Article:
Chicago-based MADE Boards is trying to raise $450,000 on Kickstarter to further develop its sail, kite, surf, and paddle “SmartBoards.” Using MADE’s VOLUME mobile app for iOS and Android, customers can figure out what board is best for their own body and activity, and MADE will then custom build it.
The internal structure of the boards are 3D-printed, taking into account specific factors like shape, rigidity and how much the board curves. The board is then wrapped in bamboo underlayment and a fiberglass shell to stiffen it. MADE’s founder Shanon Marks says additive manufacturing — or 3D-printing — lets the company factor in a person’s geographic location, atmospheric conditions and the way the individual rides the board. Marks told Mashable their platform uses social data, performance tracking/journaling and big data to influence design.
“You look at a surfboard, you look at a sailboard and it has terabytes of data ‘stored’ inside of it,” Marks said.
“You look at a surfboard, you look at a sailboard and it has terabytes of data ‘stored’ inside of it,” Marks said. “Like there’s this amazing, amazing history of everything it does on the water. What if we could quantify that?””Additive manufacturing really became the best way to do that because it’s a direct translation from the data input that we’re collecting.”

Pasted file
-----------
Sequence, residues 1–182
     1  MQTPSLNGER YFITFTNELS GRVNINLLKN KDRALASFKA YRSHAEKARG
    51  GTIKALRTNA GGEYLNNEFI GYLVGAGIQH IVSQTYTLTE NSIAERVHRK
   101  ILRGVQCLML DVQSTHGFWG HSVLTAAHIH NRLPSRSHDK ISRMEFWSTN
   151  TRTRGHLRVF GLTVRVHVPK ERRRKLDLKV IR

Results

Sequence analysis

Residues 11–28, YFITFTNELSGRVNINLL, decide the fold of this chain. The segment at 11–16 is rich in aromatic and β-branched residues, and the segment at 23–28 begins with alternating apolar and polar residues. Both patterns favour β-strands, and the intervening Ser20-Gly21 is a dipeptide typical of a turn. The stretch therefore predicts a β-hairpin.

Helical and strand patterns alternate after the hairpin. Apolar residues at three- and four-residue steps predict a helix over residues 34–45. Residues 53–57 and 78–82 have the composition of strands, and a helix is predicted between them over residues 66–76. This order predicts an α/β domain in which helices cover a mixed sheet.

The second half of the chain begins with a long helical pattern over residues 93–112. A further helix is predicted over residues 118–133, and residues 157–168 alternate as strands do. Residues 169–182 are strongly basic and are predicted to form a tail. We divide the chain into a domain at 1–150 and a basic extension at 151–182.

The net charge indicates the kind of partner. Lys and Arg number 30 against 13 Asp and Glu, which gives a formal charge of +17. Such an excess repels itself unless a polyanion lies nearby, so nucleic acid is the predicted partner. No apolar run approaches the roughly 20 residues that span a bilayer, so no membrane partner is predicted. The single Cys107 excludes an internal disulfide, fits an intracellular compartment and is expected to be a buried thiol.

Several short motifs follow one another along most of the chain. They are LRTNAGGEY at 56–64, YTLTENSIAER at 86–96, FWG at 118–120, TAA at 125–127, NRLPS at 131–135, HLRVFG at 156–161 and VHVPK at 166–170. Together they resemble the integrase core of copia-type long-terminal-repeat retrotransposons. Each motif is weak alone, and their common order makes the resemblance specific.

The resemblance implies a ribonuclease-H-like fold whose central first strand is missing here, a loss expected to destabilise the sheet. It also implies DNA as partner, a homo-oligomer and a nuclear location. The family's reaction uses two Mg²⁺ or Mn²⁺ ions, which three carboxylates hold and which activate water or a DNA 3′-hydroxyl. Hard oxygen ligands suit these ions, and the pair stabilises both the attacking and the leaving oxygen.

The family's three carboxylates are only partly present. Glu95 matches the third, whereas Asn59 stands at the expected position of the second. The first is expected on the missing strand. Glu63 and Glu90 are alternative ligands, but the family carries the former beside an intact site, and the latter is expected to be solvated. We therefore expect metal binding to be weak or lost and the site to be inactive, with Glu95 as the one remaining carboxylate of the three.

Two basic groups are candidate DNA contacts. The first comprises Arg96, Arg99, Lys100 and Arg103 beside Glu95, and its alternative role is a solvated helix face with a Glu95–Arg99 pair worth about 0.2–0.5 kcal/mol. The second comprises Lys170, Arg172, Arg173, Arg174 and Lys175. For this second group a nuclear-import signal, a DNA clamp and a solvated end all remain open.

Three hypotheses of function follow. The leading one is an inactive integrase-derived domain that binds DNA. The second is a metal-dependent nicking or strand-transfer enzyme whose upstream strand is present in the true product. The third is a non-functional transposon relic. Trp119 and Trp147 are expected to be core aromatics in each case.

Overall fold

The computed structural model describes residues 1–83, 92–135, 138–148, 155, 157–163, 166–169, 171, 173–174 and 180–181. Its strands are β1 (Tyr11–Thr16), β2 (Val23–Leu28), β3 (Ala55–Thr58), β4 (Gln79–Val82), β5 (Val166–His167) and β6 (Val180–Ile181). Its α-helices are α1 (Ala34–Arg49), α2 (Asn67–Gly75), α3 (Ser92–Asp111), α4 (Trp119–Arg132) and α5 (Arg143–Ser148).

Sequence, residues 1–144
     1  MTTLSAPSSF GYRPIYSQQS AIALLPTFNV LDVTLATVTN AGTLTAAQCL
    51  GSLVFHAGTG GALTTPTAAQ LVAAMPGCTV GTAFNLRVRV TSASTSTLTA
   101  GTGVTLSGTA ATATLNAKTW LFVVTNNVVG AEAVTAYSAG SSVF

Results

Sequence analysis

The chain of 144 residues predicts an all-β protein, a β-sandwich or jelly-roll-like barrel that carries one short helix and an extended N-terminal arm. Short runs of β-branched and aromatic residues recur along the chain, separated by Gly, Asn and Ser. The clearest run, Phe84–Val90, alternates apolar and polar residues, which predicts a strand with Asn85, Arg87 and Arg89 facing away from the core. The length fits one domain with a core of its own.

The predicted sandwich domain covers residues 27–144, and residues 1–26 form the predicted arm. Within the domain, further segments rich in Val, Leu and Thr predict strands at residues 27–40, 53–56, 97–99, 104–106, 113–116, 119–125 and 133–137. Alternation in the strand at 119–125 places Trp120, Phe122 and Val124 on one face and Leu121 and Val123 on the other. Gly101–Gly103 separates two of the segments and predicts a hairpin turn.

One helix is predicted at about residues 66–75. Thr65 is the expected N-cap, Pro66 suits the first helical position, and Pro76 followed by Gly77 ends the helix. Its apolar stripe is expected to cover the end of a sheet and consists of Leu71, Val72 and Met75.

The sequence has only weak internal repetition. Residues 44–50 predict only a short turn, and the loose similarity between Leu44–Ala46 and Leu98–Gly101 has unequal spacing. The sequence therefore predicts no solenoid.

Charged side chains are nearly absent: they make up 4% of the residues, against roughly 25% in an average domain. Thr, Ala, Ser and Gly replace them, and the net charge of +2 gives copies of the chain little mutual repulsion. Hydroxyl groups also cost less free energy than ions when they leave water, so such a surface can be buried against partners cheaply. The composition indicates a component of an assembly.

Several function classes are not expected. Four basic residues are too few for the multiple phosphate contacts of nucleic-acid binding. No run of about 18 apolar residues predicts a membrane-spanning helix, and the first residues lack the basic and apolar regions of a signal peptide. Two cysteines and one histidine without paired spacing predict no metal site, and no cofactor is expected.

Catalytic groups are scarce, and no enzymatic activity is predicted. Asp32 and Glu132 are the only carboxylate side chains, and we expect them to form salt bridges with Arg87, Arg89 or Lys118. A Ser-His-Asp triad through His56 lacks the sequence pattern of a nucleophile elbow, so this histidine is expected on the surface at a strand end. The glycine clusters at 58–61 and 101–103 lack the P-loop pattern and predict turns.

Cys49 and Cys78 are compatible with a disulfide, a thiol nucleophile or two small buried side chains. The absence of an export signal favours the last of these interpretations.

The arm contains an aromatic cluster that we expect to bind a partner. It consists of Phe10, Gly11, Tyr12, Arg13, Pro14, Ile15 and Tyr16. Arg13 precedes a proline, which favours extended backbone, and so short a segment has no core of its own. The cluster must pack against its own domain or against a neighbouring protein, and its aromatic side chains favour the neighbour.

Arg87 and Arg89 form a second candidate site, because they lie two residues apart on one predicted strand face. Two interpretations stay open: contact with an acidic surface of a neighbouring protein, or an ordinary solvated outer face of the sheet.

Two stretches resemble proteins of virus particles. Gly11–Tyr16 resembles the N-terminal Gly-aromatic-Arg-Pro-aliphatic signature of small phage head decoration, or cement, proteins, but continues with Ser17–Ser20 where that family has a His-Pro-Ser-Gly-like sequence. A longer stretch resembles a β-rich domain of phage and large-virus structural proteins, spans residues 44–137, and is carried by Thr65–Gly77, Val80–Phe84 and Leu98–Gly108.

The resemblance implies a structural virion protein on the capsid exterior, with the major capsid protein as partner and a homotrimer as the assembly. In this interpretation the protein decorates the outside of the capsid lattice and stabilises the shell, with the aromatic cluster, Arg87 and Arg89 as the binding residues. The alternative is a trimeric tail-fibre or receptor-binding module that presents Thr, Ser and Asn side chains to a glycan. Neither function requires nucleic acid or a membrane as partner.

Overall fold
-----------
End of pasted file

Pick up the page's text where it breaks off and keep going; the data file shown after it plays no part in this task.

Here’s how MADE’s process works for consumers: Download the performance-tracking VOLUME app (for Android and iOS) before you buy their equipment. Using any existing board you might have, put your phone in a waterproof case and wear it while you’re riding it. Throughout various days, the app can collect insights on your performance that will be used as design influences for a new board. The app collects data like the time of day and year, but also cross-references with relevant atmospheric conditions: e.g., wind speed, wind direction, wave height, wave speed, wave direction, barometric pressure, altitude, and freshwater versus saltwater.
Using that collected atmospheric data, biometrics and aggregated social information from other VOLUME users, you’ll get a suggested board that’s meant to be just right for you.
Growing up windsurfing and sailing himself, Marks said MADE began out of the frustration that people pay thousands of dollars for equipment that he says isn’t made for them.
“One of the unfortunate things that I witnessed in the (windsurf) industry is that there was a huge emphasis on specialization around materials and super high performance,” he said. “The unfortunate part about it: That came at the expense of the consumer’s wallet — like boards just got more and more and more expensive.”
Marks hopes to make these sports more accessible. He also claims additive manufacturing is a win from an environmental standpoint, since 3D-printing can minimize material use.
MADE’s Kickstarter campaign still has 18 days left to go and had only reached about one percent of its fundraising goal, as of Tuesday afternoon. Backers who pledge at least $799 can get a MADE kite board; $999 for a “series one” SmartBoard; $1,299 for a paddle board; and $1,499 for a sail board.
See one of Made’s 3D-printed sailboards in action in this video:
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